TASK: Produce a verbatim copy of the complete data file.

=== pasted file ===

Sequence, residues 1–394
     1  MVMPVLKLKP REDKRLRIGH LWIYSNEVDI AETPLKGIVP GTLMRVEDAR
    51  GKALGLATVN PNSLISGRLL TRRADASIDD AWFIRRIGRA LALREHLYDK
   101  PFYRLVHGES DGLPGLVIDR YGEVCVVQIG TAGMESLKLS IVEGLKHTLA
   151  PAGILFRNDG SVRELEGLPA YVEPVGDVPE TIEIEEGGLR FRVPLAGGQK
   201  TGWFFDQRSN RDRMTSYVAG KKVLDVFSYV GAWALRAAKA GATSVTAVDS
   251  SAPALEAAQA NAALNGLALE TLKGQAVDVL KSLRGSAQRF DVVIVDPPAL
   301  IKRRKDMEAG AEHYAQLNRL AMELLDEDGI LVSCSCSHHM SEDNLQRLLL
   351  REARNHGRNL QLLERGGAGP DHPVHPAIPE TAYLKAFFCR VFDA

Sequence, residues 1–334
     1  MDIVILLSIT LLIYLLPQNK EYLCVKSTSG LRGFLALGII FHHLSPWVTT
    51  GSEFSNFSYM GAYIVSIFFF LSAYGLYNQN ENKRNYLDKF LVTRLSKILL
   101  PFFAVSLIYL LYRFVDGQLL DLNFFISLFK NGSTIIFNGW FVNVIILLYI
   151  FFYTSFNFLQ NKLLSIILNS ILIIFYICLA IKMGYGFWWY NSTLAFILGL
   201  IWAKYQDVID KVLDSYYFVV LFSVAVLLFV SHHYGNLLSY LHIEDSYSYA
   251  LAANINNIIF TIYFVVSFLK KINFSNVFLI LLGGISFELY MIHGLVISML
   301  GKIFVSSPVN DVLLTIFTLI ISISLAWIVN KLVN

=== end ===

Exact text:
Sequence, residues 1–394
     1  MVMPVLKLKP REDKRLRIGH LWIYSNEVDI AETPLKGIVP GTLMRVEDAR
    51  GKALGLATVN PNSLISGRLL TRRADASIDD AWFIRRIGRA LALREHLYDK
   101  PFYRLVHGES DGLPGLVIDR YGEVCVVQIG TAGMESLKLS IVEGLKHTLA
   151  PAGILFRNDG SVRELEGLPA YVEPVGDVPE TIEIEEGGLR FRVPLAGGQK
   201  TGWFFDQRSN RDRMTSYVAG KKVLDVFSYV GAWALRAAKA GATSVTAVDS
   251  SAPALEAAQA NAALNGLALE TLKGQAVDVL KSLRGSAQRF DVVIVDPPAL
   301  IKRRKDMEAG AEHYAQLNRL AMELLDEDGI LVSCSCSHHM SEDNLQRLLL
   351  REARNHGRNL QLLERGGAGP DHPVHPAIPE TAYLKAFFCR VFDA

Sequence, residues 1–334
     1  MDIVILLSIT LLIYLLPQNK EYLCVKSTSG LRGFLALGII FHHLSPWVTT
    51  GSEFSNFSYM GAYIVSIFFF LSAYGLYNQN ENKRNYLDKF LVTRLSKILL
   101  PFFAVSLIYL LYRFVDGQLL DLNFFISLFK NGSTIIFNGW FVNVIILLYI
   151  FFYTSFNFLQ NKLLSIILNS ILIIFYICLA IKMGYGFWWY NSTLAFILGL
   201  IWAKYQDVID KVLDSYYFVV LFSVAVLLFV SHHYGNLLSY LHIEDSYSYA
   251  LAANINNIIF TIYFVVSFLK KINFSNVFLI LLGGISFELY MIHGLVISML
   301  GKIFVSSPVN DVLLTIFTLI ISISLAWIVN KLVN